The carrying of a knife was not a full protection against everything that might happen to you in a dark street, and the best policy was still not to spend too much time in dark streets alone at night, but it made you feel much better. Other weapons were a heavy disk cast from lead, the size of a large old-fashioned pocket watch, strapped to your palm, under the glove in winter, which added weight to your fist or provided a hard surface in an open-handed slap; and knuckledusters, also cast from lead, with four holes for your fingers and either a straight or a spiky business surface. But knives were the predominant fashion, and we would take them out of our pockets or boot legs when the teachers were not looking, for discussion and comparison.

The simplest, cheapest, and least prestigious were kitchen knives with a wooden handle, with some sort of sheath to prevent the point from hurting your foot if carried in the boot leg or, worse, groin if in the pocket. The length of the blade was a compromise between the minimum - about five centimetres to go through winter clothing plus another ten or so to reach the heart - and the maximum determined by the depth of your boot leg or pocket. A very popular knife in Russia was the Finnish one, known as "Finka" - a hunting and all-purpose weapon without a cross guard, mostly with a wooden handle (admissible in this case) wrapped with a narrow strip of bark to improve the grip. (In the famous reassuring poem to his mother, Yesyenin asks her not to imagine him in some tavern with a Finnish knife in his heart.) Mine was originally a kitchen knife, whose wooden handle I replaced with a thicker one, whittled and sanded to the shape of a Finnish one. Those who were lucky enough to have a relative or a friend who was a lathe operator could let him have some flat pieces of bakelite, perspex, aluminium, brass, and hard leather, and ask him to turn them into washers with identical outside and hole diametres. On the round shank of a knife, tightened with a nut, they made beautiful layered handles. Vitka Karabanov, always a leader, came to school one day with a real Caucassian dagger with the handle and sheath encrusted with brass knobs and coloured glass beads. It was so long that he had to drape his trouser leg over the handle protruding from his boot. His grandfather gave it to him. This, he said displaying it during the break, was real Damascene steel - he had honed it to razor-edge keenness - capable of cutting through a silk hankerchief in mid-air; just watch. He took the rag used for wiping the blackboard, threw it in the air, and brought the dagger from below to meet it. The dagger simply threw the rag upwards towards the ceiling without making a mark on it. With a puzzled face, Karabanov picked up the rag and took a close look at it.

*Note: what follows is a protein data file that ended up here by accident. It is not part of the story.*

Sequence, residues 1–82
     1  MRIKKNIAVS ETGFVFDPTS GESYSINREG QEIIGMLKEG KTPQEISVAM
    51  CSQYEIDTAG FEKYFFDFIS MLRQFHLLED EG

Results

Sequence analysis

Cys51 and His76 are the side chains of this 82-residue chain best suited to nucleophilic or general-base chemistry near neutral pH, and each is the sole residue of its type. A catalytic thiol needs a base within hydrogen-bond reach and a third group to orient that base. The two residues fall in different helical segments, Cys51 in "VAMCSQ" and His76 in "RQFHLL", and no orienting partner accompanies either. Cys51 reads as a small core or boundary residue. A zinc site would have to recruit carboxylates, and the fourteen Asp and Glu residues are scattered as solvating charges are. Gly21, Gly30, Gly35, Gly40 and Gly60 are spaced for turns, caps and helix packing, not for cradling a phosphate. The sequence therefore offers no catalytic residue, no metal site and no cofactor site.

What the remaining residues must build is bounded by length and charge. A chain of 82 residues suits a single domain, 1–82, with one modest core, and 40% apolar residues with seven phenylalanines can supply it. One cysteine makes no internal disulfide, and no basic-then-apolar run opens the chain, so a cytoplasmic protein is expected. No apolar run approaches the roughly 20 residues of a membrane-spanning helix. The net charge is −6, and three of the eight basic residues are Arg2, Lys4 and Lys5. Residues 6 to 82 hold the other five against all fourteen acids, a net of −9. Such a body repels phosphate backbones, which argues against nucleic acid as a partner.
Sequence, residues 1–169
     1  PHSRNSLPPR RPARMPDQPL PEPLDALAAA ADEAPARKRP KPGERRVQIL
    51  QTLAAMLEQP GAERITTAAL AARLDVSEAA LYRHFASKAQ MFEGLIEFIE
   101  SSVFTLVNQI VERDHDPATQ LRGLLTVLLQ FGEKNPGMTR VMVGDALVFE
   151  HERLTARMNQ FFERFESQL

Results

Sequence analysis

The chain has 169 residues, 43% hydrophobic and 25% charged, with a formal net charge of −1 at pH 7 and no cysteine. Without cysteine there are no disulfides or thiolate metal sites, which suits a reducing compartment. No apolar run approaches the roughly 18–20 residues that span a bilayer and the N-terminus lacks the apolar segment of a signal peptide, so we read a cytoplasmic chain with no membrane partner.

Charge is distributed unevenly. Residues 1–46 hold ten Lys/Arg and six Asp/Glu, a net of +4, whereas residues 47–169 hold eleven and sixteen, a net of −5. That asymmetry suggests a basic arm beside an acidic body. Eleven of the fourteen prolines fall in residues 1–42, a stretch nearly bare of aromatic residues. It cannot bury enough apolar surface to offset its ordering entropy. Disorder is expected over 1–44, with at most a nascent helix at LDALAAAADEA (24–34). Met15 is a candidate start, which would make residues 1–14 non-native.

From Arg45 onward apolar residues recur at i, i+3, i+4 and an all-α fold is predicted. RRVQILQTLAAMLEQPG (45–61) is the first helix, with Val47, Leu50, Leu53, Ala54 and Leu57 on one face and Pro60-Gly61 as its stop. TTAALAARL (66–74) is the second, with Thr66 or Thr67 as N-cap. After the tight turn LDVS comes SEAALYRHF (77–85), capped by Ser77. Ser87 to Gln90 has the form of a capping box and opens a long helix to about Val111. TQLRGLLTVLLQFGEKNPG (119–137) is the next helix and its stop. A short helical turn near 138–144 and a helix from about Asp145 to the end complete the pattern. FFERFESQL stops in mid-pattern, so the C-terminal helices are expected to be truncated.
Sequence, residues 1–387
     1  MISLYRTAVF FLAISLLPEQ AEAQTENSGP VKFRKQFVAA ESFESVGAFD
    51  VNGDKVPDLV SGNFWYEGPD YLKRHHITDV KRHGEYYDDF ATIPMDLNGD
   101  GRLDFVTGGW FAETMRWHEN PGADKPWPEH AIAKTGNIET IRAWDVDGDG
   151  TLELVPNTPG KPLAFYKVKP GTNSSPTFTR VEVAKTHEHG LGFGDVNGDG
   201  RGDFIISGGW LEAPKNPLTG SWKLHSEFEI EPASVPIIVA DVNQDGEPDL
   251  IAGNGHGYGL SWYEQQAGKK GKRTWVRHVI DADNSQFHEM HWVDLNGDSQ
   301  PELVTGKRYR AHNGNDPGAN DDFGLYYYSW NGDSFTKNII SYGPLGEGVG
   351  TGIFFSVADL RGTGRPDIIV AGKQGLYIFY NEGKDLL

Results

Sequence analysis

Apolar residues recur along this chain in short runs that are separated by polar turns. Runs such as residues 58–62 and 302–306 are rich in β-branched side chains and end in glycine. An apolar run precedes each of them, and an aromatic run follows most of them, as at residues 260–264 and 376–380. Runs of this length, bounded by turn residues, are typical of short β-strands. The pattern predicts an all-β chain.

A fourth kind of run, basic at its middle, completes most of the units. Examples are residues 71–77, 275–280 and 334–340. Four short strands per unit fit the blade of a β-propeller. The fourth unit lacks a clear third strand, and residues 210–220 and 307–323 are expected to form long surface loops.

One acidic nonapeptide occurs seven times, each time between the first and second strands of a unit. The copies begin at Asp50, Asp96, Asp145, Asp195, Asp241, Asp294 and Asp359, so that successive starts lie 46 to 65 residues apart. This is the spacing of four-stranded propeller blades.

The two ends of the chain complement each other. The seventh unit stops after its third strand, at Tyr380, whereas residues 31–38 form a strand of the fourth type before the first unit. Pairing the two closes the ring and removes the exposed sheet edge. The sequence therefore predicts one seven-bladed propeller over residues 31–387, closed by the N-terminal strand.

"Of course," he said. "It's not real silk."

A few enterprising and mechanically-minded among us also had - and occasionally carried - pistols. What the NKVD never seems to have discovered was that there was a flourishing illegal arms manufacture in the Soviet Union in those years, and that Vitali Karabanov, Mikhail Sysov, Zygmunt Frankel, and my landlady's son Kostya were a part of it. Pistols - usually single-shot - firing the standard .22 rimfire cartridge (which had cut short the lives of twenty-three rats in the school cellar) were an exception; you had to have a mechanic or toolmaker friend to make one for you, drilling the barrel hole and building the bolt or hammer mechanism. The more common home-made pistol harked back to the muzzle-loading days and the duels in which Pushkin and Lermontov lost their lives. It started out as a length of brass tube from a discarded car or lorry radiator. Radiators have a whole bunch of them, soldered to the cooling plates, and with the right connections or a little money you could get a piece. One end would then be hammered shut, and a hole put through the flat hammered end to nail or screw it to the wooden stock. The front of the barrel would be fastened with several turns of wire. There remained the firing mechanism which was ingeniously simple. A small hole would be drilled on the left-hand side, a few millimetres from the closed end. A couple of bent-over nails in the stock below the hole held a match in such a position that the head was touching the hole. The correct amount of black gun powder - fairly easily obtained in areas where hunting was popular, shotguns numerous, and cartridges of the reloadable brass-case type - would be poured into the barrel, followed by a piece of newspaper tamped down with a stick, then a lead bullet, and another paper wad to hold it in place. (If you were out of gunpowder, you could always laboriously scrape the heads off a box of matches and use that as - admittedly inferior propellant. For the lead bullet, you had to roll a piece of lead between two iron plates until it became round.)